One of the original purposes of the internet was to allow researchers to share material, alas as this interconnectivity grew the ability for people to share much more than just ideas and research papers created a headache for established music and film distribution systems. Rather than embrace the internet in its early years, we now see many big content producers trying to legislate and control access, essentially putting the genie back in the bottle.
This brings us to 2012, where we see ACTA (the Anti Counterfeiting Trade Agreement) being passed by the UK Government in a similar fashion to how the older Digital Economy Act appeared, i.e. quickly with as little fuss as possible. As Darren Farnden of Entanet points out, ACTA should mean very little difference for the UK, as existing laws already allow for blocking of websites. Also the actions of a foreign government can have implications for UK internet users, e.g. the closure of MegaUpload which has seen both legitimate users and those using the service to exchange copyright protected material without the rights holder permission blocked from the site.
Of more interest is an article suggesting that new proposals are close to appearing that will make blocking of internet websites easier for copyright enforcement purposes. While there are some websites largely dedicated to sharing infringing material, there are also often totally legal users of these services, so hopefully we will not see blinkered requests to remove a complete domain from the internet, but something more targeted.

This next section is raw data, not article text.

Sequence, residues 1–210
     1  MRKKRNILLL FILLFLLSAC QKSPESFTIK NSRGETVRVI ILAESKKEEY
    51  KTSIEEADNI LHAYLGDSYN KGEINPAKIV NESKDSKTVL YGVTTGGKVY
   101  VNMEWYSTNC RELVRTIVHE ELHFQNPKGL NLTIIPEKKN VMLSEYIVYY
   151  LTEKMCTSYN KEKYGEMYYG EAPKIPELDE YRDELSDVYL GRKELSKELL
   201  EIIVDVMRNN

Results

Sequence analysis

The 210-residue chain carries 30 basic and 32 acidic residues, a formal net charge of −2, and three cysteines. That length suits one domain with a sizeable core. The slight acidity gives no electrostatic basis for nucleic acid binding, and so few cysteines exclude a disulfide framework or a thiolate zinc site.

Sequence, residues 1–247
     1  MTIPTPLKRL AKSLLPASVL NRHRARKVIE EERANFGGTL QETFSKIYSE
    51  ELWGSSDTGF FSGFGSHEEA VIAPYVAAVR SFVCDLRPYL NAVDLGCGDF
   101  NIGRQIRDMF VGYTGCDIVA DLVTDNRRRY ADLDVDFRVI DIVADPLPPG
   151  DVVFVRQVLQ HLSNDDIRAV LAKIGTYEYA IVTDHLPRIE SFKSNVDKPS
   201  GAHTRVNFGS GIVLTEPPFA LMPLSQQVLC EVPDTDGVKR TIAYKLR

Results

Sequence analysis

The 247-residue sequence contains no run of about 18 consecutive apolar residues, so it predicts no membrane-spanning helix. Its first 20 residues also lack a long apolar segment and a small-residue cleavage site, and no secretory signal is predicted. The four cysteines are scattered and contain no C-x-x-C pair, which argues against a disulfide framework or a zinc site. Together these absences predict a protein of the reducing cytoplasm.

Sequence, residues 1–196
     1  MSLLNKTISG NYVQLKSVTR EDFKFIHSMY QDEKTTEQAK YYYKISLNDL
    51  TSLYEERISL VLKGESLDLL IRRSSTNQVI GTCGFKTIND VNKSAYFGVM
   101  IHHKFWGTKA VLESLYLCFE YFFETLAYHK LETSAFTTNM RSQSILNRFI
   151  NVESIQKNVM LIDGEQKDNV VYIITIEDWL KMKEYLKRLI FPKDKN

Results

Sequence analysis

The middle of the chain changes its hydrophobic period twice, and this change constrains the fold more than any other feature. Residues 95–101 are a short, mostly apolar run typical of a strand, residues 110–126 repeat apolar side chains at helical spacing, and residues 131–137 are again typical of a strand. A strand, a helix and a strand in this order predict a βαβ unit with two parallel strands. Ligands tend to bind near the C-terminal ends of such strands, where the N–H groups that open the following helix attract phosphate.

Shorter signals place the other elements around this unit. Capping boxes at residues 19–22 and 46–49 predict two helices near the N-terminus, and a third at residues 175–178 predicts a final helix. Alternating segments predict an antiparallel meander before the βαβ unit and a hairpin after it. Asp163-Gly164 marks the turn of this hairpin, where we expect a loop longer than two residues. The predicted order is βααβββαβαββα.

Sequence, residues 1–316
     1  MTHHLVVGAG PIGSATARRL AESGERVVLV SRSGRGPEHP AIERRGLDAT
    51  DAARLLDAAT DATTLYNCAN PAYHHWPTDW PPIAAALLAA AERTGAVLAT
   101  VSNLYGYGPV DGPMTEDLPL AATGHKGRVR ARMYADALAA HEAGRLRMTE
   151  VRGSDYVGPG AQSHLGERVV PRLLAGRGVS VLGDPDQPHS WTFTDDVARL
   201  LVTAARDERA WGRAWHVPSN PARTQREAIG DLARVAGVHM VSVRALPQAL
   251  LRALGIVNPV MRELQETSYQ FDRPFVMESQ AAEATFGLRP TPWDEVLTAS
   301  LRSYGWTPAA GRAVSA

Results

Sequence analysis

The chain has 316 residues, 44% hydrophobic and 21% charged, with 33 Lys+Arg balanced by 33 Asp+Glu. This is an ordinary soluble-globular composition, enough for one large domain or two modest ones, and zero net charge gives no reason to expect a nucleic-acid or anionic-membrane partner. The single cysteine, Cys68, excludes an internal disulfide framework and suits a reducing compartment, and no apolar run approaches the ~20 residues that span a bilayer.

A lot of the opposition to the various new copyright controls is coming from established large internet firms, which can be seen as two industries fighting each other. Perhaps one reason that Google seems to be fighting the consumers corner is the experiences they have had when trying to arrive at licensing agreements for content. Also as the new kids on the block there is less interest in protecting an existing distribution network.
There is no doubt that some internet users have used broadband to build massive personal collections of films and music, and it is this volume that often creates the big figures for losses the content providers complain of. Alas little clear research has surfaced on whether this actually acts as promotion for the content producer, e.g. people paying to go watch an act live, or visit the cinema for the sequel, generating income down the line. We have a generation of people leaving school that have now always had the internet, who want to download a track after hearing it on the radio, but how often are singles still promoted months ahead of release, meaning the only copy available is one that infringes copyright.
Perhaps copyright holders should be forced to offer reasonable access terms for internet based delivery systems, like LoveFilm, Netflix and the growing number of movie streaming services, in return for being able to use the new legislation.